Forbes India|October 23, 2020
Partnering with the Russian government for the controversial Covid-19 vaccine Sputnik V could help Dr Reddy’s make further inroads in the foreign country and prove to be a game-changer for the pharma company’s India play
Manu Balachandran

Like many others, Deepak Sapra had a rather hectic lockdown. There were days when he worked late nights or on Sundays, as homes turned into workplaces.

But he didn’t mind. After all, the former officer of the Indian Railways Service of Mechanical Engineers was given a mandate by Satish Reddy and GV Prasad, chairman and co-chairman respectively of Hyderabad-based Dr Reddy’s Laboratories, to strike a deal that will see them partner with the Russian government to sell Sputnik V, the controversial Covid-19 vaccine, in India. And that’s precisely what Sapra—CEO for the API (active pharmaceutical ingredient) and pharmaceutical division at Dr Reddy’s—did in under two months.

Sapra and his team first spoke to the Russian Direct Investment Fund (RDIF), the sovereign wealth fund of the Russian government responsible for selling Sputnik V, in July. Sputnik V is the first Covid-19 vaccine to be registered in the world, but without completing phase III trials. It is based on the human adenovirus, a common cold virus that is fused with the spike protein of Sars-CoV-2 to stimulate an immune response, and was developed by Gamaleya National Research Institute of Epidemiology and Microbiology, with support from RDIF.

“The subsequent meetings would go on for long and sometimes run late into midnight or on Sundays,” says Sapra. “By then, we had become used to working round the clock.” Through it all, he was impressed with the Russians’ frankness and, more importantly, a deeper understanding of the expectations between the partners. “They were able to communicate the science behind it, and were forthcoming,” he says.

On September 17, Dr Reddy’s announced that it has tied up with RDIF to distribute 100 million doses of the vaccine in India, once it receives necessary clearance from the regulator. For that, however, Dr Reddy’s will have to help conduct the phase III trials in India, where over 6 million cases were reported by the end of September. If all goes well, the vaccine could hit the market as early as December.

The clearance for phase III trials is expected in a few weeks. It also intends to incorporate changes and improvements, in case concerns are raised by the regulator, based on their advice. And, the vaccine will only be launched when all necessary clinical, regulatory, safety, and efficacy requirements are met.

“Our spend is only for the clinical trial and it’s not large,” says GV Prasad (59), co-chairman and managing director of Dr Reddy’s Laboratories. “Money is not what we are looking at. We are looking at the solution, and at some point economics will become important… we will deal with it at that time.”

The company has agreed to buy 100 million doses, but hasn’t disclosed how much it will cost. “We will have to buy the doses upfront, and will figure the price at which we will sell as we go forward,” says Prasad. “If there is a solution, this world can afford it. Nobody is going to profiteer from the vaccine.”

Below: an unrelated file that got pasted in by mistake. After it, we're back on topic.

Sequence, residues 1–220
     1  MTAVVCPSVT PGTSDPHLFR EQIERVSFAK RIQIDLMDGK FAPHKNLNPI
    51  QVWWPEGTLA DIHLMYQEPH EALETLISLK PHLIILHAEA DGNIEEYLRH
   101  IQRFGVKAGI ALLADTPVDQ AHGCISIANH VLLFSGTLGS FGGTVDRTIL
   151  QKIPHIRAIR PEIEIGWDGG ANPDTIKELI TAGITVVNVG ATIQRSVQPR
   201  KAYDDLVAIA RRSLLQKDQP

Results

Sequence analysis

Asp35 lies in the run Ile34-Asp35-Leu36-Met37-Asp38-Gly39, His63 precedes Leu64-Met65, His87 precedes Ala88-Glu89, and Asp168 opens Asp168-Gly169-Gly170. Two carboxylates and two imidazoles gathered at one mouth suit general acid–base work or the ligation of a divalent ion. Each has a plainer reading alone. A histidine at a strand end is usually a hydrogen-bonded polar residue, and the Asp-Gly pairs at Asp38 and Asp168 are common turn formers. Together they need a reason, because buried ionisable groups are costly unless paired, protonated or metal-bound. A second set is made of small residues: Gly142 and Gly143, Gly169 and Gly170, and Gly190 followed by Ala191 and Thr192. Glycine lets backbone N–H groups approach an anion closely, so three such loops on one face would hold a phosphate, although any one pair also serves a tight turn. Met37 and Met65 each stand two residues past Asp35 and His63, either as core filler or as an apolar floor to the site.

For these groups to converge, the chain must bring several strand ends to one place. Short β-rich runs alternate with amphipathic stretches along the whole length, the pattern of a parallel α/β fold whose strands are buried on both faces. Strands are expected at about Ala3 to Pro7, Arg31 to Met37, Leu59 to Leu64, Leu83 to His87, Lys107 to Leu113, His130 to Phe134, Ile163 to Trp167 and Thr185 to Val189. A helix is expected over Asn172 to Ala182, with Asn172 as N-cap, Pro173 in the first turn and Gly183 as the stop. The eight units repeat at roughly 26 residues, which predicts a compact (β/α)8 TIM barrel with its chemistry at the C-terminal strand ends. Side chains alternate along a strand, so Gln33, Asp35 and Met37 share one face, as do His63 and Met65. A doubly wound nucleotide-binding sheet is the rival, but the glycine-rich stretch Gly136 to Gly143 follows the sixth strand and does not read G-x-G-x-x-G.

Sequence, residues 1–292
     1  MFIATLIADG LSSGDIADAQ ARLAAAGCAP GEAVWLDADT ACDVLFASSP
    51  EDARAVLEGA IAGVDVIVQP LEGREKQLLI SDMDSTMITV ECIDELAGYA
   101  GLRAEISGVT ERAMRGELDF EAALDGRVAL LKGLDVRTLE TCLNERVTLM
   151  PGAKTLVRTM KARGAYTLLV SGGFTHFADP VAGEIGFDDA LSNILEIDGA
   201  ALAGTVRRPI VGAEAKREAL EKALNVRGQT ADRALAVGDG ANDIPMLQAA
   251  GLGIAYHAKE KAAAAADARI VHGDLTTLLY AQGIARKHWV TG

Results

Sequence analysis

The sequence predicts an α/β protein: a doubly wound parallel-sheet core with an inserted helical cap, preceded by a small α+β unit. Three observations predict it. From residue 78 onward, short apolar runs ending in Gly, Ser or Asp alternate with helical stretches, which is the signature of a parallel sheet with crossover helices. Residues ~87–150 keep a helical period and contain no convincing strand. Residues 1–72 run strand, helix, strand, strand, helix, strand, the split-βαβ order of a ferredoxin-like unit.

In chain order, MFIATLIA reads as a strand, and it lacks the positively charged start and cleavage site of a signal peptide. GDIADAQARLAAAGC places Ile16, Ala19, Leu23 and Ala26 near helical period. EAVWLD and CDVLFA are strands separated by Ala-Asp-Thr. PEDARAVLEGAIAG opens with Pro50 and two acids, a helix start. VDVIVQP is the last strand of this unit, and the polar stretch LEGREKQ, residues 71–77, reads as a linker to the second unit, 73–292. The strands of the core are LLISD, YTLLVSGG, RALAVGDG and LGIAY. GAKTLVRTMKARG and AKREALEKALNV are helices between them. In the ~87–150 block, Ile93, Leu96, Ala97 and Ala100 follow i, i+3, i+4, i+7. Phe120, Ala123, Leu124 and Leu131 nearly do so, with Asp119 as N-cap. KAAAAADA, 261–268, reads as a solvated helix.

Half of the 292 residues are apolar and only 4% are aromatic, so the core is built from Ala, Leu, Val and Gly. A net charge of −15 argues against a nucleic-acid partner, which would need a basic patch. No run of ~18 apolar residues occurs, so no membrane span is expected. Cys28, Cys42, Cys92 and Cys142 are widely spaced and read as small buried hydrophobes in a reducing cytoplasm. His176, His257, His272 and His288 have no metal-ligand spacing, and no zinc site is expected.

This is the first time in nearly two decades that the company has forayed into selling vaccines, having spent much of its 36 years as a formidable player in the generics and biosimilar pharma sectors. Some 20 years ago, Dr Reddy’s had dabbled with making vaccines for Hepatitis B, but soon left that after it became “highly commoditised”.

“Vaccine is not a big play for us,” says Prasad. “But we see this as something we’re doing for our patients. Certainly, we are looking at vaccines as a space. We were never a big player, in fact, not a player at all in vaccines.” While it might be early days for its foray into the lucrative category, Dr Reddy’s did get some access to vaccines after acquiring a portfolio of 62 brands from Wockhardt for ₹1,850 crore early this year.


Dr Reddy’s decision to partner with the Russian government on a vaccine raised eyebrows globally. It was partly because of its unproven nature and the fact that other Indian companies had already picked partners. India is currently the second-worst country affected by Covid-19, with daily cases between 80,000 and 90,000.

British pharmaceutical major AstraZeneca, which is developing the University of Oxford vaccine (Covishield), and Maryland- headquartered Novavax have struck deals with Pune-based Serum Institute of India (SII), the world’s largest vaccine maker by volume. SII is undertaking phase II and III clinical trials of Covishield in India. In early September, these trials had to be put on hold globally after a volunteer developed an unexplained illness.

Hyderabad-based Biological E has partnered with Janssen Pharmaceutica, an arm of Johnson & Johnson, while New Delhi-based Panacea Biotec joined hands with Refana USA for developing Covid-19 vaccines.


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October 23, 2020